What Great Listeners Actually Do
Are you a good listener? When we pose this question to people in our learning events, most rate themselves as “above average” (a mathematical impossibility). When we ask what good listening consists of, the most common themes are: not interrupting, letting others know you are listening by using nonverbal encouragers (“uh-huh”, “mmm-hmm”) and paraphrasing, by repeating back what the other person has said.
However, new research, conducted by Jack Zenger and Joseph Folkman of the Zenger/Folkman Leadership Development Group, suggests that these behaviors fall far short of describing great listening skills.
Their four main findings:
Not every conversation requires the highest levels of listening, but many conversations would benefit from greater focus and from the intention to listen interactively.
As a listener have you engaged in any of these practices? What else has worked for you? To join the conversation, click "comments" above. We would love to hear your feedback.
Managing Teams as They Grow Larger
A manager’s job and communication style must change as their team expands. Writing in The Harvard Business Review, Julia Zhuo, vice president of design at Facebook and author of The Making of a Manager: What to Do When Everyone Looks To You, explores some of the necessary adaptations.
What Great Presenters Know
Historian Doris Kearns Goodwin notes that people would come from far and wide to hear Abe Lincoln speak, even when he was simply a prairie lawyer. From his “stage” atop a tree stump, Lincoln “could simultaneously educate, entertain, and move his audiences,” she writes. Although times have changed, human nature has not, and Lincoln’s speaking techniques are as compelling as ever.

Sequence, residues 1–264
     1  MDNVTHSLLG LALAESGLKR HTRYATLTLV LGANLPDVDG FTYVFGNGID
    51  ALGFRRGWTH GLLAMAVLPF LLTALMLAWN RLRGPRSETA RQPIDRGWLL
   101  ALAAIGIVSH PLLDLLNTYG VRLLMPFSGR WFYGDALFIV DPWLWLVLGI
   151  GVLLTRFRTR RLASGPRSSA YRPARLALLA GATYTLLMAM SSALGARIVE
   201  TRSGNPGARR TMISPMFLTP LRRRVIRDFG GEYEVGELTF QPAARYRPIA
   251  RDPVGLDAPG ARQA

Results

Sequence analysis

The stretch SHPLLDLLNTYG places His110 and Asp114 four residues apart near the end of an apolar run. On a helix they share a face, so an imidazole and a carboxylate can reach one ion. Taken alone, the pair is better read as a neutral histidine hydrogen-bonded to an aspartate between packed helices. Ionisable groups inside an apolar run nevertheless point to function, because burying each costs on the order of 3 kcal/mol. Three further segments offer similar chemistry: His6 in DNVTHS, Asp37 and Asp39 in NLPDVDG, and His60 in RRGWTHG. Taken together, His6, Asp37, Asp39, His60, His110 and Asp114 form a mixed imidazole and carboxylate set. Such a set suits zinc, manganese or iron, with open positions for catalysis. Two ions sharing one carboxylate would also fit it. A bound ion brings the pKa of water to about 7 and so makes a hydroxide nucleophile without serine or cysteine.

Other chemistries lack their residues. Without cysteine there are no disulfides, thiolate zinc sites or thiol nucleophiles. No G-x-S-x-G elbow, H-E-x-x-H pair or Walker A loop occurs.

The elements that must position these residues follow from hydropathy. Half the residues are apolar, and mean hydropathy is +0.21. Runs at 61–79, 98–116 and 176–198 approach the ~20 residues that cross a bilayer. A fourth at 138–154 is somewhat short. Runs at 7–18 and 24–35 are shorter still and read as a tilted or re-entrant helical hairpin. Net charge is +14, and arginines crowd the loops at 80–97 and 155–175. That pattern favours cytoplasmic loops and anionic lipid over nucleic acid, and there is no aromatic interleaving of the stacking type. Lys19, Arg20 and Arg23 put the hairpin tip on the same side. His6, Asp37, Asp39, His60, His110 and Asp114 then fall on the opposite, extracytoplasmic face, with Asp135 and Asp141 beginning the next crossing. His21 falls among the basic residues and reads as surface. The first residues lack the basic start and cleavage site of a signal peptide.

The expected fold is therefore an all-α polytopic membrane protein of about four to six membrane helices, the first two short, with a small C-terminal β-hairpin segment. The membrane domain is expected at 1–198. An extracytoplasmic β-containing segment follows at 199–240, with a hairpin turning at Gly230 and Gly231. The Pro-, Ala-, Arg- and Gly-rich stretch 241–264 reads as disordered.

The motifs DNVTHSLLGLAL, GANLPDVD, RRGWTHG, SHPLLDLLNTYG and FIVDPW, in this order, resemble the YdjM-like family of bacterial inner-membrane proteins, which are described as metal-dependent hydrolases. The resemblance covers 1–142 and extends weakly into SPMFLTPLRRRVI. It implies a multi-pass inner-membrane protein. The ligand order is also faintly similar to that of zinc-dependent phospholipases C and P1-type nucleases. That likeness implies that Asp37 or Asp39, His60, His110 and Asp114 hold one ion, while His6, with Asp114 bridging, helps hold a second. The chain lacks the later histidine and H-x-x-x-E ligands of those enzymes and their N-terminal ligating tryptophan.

Writing In The Harvard Business Review, Harvard instructor and communication author Carmine Gallo credits Lincoln’s gift for storytelling as key to his ability to captivate audiences. She goes on to enumerate some key differences between mere “presenters” and compelling storytellers.
What might you do to add elements of great storytelling to your next presentation? To join the conversation, click "comments" above. We would love to hear from you.
Today’s world is primed for instant gratification. We often feel pressure to reply immediately to emails and texts, and even in conversation. We fear “dead air” and so hasten to say no something…anything...even when responding to a complex question.
However, numerous business leaders—notably Apple’s Tim Cook and Amazon’s Jeff Bezos—are known for taking a pause in conversation in order to carefully consider what they will say next. Justin Bariso, author of EQ Applied, writing in Inc., notes that while those on the receiving end of 10, 20, even 30 seconds of silence may feel uncomfortable at first, their reward is a thoughtfully considered answer…the result of critical thinking that would be impossible without taking time.
According to Bariso, embracing “awkward silence” allows us to:
When was the last time you allowed a buffer of silence before addressing a complicated topic—and how do you feel when others do so? To join the conversation, click "comments" above. We would love to hear from you!